Technology paves the way for a convenient medium to transfer knowledge. By providing asynchronous material, students can tune in when it works best for them and when their minds are ready to take on new information.
Digital training content quickly unlocks the key to memory retention. This allows the easy repeat of material. Which reinforces the knowledge and mitigates the forgetting curve while sharing the content more effectively.
Some studies have reported a 38% increase in learning engagement by using micro-training. That number jumps to 54% when micro-training pairs with a gamified platform. Gamified micro training unlocks the learners’ user experience, allowing them to drive their learning journey instead of the organization doing it for them.
Time efficiency proves to be the major selling point of micro-training. However, there are a few ways to look at time savings. The first is the large chunks of time that the workforce and training staff are not stuck in a classroom. The second major time savings comes from the ability to take advantage of spare moments for bitable training. Thus, it enables just-in-time training and maximizes training effectiveness.
By leveraging technology in learning and development, organizations can design around the learner and the objective, building courses geared toward the audience’s mindset, and thus maximize their effectiveness by keeping the material concise, mobile, and asynchronous.
Using a sales organization as a case study—a specialty that typically has a significant amount of employee turnover and hiring—two weeks of initial training to adequately embed the organization’s culture to guide the direction of the sales process.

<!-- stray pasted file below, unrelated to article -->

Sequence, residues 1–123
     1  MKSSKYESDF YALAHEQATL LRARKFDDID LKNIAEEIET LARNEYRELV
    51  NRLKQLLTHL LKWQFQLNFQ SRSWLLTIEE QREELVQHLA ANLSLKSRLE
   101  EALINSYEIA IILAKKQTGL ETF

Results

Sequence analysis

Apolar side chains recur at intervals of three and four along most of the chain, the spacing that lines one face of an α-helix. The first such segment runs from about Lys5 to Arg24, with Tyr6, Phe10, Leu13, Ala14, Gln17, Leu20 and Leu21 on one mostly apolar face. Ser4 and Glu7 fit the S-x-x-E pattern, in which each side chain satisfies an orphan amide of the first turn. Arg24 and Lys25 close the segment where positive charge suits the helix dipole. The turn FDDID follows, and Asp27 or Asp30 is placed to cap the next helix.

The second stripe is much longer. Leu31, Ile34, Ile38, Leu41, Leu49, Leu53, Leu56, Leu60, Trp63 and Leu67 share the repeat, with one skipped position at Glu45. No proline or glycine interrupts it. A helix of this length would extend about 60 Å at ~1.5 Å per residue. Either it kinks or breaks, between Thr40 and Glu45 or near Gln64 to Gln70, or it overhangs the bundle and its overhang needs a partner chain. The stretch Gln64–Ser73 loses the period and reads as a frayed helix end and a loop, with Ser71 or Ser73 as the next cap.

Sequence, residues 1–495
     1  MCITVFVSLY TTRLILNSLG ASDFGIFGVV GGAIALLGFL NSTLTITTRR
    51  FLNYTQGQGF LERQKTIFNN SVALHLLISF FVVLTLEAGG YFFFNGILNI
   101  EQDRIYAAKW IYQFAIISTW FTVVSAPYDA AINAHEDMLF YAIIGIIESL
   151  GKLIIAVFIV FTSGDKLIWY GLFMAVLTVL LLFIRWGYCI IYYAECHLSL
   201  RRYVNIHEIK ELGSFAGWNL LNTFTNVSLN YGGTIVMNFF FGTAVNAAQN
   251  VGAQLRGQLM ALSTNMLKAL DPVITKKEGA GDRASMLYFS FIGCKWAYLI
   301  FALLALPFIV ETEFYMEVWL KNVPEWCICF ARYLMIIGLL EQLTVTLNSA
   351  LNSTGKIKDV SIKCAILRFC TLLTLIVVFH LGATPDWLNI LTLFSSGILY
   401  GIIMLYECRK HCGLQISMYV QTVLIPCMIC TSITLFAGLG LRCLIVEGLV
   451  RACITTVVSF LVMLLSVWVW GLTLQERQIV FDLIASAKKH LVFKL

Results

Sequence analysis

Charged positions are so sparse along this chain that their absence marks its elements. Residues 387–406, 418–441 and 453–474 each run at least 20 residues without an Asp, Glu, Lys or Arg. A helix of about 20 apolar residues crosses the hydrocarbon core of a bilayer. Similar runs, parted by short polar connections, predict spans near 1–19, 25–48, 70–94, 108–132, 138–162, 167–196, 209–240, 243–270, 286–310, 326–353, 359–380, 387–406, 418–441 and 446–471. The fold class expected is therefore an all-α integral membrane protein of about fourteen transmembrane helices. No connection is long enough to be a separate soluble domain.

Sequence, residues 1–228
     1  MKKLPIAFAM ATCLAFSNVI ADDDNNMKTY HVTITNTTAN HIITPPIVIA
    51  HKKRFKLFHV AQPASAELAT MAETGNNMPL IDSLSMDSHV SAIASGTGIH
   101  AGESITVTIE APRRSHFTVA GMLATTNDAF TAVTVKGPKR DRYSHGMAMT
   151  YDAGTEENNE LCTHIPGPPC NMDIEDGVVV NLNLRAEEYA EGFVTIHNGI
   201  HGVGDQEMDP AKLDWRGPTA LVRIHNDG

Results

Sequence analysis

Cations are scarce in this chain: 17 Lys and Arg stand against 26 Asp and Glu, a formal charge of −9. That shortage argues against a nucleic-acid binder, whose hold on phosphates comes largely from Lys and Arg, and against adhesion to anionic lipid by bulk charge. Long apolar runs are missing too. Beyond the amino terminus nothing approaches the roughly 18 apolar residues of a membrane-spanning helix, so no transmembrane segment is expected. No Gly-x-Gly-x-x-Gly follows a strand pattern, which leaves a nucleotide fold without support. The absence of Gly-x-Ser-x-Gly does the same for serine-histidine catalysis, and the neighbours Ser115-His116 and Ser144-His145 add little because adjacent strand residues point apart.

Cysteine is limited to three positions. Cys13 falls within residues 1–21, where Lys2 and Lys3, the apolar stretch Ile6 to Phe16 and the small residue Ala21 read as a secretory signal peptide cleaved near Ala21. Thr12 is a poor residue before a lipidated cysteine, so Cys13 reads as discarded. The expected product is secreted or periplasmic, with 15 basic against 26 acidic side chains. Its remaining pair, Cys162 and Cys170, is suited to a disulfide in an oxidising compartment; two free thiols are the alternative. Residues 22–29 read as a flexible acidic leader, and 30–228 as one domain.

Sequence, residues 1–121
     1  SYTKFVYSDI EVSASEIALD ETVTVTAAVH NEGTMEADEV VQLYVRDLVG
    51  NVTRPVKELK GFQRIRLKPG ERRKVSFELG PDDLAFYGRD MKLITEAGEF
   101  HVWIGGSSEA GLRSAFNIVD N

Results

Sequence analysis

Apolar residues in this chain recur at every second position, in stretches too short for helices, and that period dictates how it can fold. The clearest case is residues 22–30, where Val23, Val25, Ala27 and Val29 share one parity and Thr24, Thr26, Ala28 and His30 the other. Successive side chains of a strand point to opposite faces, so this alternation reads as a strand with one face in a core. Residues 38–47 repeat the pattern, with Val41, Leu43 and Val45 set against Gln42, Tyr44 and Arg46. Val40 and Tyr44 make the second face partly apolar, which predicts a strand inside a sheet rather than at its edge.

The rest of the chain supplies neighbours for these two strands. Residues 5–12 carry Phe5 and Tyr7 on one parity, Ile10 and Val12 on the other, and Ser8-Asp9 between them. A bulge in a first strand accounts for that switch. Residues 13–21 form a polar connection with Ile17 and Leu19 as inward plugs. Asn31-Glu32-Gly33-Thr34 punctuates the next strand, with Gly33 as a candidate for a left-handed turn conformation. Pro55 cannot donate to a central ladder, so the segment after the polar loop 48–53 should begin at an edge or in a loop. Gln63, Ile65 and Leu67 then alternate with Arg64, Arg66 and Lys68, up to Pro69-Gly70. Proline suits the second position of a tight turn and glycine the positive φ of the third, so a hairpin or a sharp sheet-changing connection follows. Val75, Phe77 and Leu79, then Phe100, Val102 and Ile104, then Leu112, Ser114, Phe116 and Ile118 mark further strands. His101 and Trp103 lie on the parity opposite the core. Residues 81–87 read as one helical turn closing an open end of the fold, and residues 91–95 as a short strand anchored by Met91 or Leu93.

A single trainer ran the previous model where they would spend two weeks in formal classes when they ran an onboarding session. After the first three days, the course transitions into sales training but leaves ample spare time. This was followed by hour-long lectures.
Due to bulk hiring and a lack of instructor bandwidth, the company hosted 10 major onboarding classes per year. The training originally designed to provide all of the information at once when a person first started. This was driven by maximizing the efficiency of the trainer, not the students. As expected, knowledge retention was low. After evaluating this process, they set out to design an experience that new-employees would drive with light facilitation by the trainer.
By taking two weeks’ worth of material they stripped the lesson plan it down to 44 objectives. Then they built a combination of micro courses and experiences around those objectives. The redesign included experiences ranging from phone-driven videos and simulations to treasure hunts, independent research, and interviews.
A month after implementation, the organization observed a direct rise in learning engagement. Without provocation, speed of completion of the micro training course became competitive. New hires wanted to finish as quickly as possible, yet the design of the experience stretched it out, forcing the students to digest the knowledge adequately. The online sessions proved to be the most popular, as the students were able to take a few at a time and then repeat if they wished. The designed interviews and treasure hunts involved the whole organization in the process, which helped assimilate the new hires into the sales floor quicker.
In the end, they cut the onboarding from two weeks to one. In practice, the training became self-driven and took only days without rushing. Six months after implementation, an employee engagement survey showed a 62% improvement in positivity for onboarding. With further integration into the organizational culture, it reflected a 23% decrease in attrition and a 15% increase in the speed of achieving sales quotas.